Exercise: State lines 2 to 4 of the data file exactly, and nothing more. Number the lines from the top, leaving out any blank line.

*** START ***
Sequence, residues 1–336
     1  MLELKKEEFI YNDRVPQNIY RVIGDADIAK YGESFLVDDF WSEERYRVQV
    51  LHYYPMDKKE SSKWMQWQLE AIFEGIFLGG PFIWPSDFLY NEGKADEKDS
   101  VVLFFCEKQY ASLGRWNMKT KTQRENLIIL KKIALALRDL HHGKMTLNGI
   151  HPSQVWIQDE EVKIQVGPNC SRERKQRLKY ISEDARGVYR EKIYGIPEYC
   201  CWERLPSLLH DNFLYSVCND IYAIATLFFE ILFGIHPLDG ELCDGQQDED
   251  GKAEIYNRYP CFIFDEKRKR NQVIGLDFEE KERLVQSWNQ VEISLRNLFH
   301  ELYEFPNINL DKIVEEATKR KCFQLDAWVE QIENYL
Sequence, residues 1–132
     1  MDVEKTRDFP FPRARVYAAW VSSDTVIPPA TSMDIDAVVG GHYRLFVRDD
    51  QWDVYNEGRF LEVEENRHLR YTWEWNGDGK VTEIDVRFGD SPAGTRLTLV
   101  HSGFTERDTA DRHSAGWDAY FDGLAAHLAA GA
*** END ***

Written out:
     1  MLELKKEEFI YNDRVPQNIY RVIGDADIAK YGESFLVDDF WSEERYRVQV
    51  LHYYPMDKKE SSKWMQWQLE AIFEGIFLGG PFIWPSDFLY NEGKADEKDS
   101  VVLFFCEKQY ASLGRWNMKT KTQRENLIIL KKIALALRDL HHGKMTLNGI